Your dermatology personal statement plays a crucial role in matching with your chosen specialty, but that doesn’t mean it’s something you should fear. Coupled with a strong academic record, it can help land you a spot in a residency you love, as long as you convincingly make your case and show your authentic self.
Dermatology 2023/2024 Key Changes and Rules
1. Program Signaling:
Most dermatology programs will participate in signaling through ERAS. A list of participating programs will be released by AAMC after July 1. This year, dermatology will have 28 program signals – 3 gold, 25 silver.
2. Coordinated Interview Release
There will be three sets of interview invite release dates. Participating programs will not release more interview invites than interview slots available. Programs not participating have also been asked to follow this guideline and to post the date of interview invite release on their websites. A list of participating programs will be released later in mid to late August. Last year, the majority of programs participated with most programs releasing on the 2nd date.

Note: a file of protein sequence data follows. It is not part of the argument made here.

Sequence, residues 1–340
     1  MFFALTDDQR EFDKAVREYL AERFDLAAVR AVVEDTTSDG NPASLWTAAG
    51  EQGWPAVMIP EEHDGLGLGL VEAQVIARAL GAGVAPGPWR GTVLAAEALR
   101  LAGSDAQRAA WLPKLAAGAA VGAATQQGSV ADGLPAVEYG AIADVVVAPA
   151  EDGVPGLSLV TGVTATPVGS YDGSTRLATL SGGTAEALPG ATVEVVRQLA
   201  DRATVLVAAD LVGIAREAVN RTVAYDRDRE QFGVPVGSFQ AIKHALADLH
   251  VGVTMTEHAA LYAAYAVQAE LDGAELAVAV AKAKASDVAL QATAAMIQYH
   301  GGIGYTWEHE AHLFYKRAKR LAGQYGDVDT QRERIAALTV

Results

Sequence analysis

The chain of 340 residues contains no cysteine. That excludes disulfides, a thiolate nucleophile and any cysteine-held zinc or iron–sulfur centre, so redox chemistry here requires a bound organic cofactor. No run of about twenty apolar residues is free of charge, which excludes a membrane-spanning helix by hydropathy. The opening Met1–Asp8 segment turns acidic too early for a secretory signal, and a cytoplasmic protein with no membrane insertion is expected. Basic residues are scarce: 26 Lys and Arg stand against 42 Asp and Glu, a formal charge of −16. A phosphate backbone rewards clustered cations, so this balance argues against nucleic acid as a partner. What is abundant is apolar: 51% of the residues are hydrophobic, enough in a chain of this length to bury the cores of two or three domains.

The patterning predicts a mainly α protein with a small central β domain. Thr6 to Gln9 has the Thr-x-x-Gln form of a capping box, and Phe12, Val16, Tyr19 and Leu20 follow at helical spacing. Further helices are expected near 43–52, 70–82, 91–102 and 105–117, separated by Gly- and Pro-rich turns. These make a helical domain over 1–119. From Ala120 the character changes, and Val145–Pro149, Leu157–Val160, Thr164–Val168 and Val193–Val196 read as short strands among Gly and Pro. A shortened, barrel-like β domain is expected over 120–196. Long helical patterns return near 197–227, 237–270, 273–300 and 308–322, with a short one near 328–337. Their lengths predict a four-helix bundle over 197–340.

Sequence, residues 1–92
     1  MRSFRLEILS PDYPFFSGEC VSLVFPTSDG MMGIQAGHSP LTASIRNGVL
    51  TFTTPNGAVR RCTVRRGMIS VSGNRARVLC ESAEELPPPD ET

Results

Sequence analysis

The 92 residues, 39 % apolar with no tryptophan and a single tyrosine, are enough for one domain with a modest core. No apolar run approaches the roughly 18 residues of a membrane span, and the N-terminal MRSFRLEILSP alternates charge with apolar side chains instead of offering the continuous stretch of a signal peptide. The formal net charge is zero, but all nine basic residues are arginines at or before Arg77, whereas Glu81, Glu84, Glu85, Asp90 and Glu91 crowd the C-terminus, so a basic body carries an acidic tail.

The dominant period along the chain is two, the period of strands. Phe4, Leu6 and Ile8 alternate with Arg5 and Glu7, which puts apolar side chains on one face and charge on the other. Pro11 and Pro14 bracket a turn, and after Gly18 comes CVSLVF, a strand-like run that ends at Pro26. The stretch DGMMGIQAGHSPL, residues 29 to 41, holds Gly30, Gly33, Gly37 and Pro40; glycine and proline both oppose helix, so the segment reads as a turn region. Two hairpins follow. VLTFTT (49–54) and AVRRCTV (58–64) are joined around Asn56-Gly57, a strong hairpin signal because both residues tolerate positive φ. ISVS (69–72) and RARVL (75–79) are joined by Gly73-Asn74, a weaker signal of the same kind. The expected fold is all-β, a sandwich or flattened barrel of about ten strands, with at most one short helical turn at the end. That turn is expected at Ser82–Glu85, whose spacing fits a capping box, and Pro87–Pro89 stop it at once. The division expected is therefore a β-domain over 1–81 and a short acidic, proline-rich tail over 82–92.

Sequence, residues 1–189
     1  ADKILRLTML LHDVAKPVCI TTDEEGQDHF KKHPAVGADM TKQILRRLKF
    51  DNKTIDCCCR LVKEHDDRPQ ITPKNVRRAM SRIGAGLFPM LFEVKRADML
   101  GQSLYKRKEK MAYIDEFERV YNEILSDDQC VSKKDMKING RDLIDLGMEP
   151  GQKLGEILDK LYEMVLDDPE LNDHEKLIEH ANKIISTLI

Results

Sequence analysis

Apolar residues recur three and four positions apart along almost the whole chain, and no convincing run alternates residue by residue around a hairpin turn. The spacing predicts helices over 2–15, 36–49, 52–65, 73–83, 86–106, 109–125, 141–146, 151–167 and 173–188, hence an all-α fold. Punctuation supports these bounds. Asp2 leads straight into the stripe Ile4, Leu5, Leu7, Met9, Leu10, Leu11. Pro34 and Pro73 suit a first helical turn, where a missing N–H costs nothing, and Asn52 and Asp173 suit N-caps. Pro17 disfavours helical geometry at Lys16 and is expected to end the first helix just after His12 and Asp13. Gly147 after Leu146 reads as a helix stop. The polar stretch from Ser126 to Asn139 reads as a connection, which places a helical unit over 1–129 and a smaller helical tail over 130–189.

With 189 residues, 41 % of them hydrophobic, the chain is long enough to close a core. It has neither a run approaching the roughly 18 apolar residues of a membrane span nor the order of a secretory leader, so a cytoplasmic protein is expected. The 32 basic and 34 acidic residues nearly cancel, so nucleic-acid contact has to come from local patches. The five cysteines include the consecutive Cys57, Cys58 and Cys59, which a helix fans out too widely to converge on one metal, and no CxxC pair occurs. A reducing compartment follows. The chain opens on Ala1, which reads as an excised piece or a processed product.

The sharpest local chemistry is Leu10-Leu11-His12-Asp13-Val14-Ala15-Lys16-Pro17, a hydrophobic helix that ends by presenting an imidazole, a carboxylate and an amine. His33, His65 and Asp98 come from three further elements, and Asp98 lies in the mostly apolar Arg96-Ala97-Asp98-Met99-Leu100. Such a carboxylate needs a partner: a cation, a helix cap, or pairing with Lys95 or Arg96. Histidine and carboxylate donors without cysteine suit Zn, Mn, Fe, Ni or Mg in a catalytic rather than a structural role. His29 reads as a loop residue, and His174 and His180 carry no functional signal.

Timeline for participating programs only
Monday November 6, 2023: first round of interview invites released (generally for programs with November or early December interview dates)Wednesday November 8, 2023: applicants begin scheduling interviews; must respond by November 10
Additional interview invites will be released as they become available starting after November 10, 2023.
Monday November 20, 2023: second round of interview invites released (generally for programs with late December or January interview dates)
Monday November 27, 2023: applicants begin scheduling interviews; must respond by November 29
Additional interview invites will be released as they become available starting after November 29, 2023.
Monday December 4, 2023: third round of interview invites released (generally for programs with January or February interview dates)
Wednesday December 6, 2023: applicants begin scheduling interviews; must respond by December 8
Additional interview invites will be released as they become available starting after December 8, 2023.
Programs have been encouraged to notify all applicants of their status (interview, waitlist or decline) by January 1, 2024.
3. Pre and post interview communications
Dermatology will not allow thank you notes or letters of intent.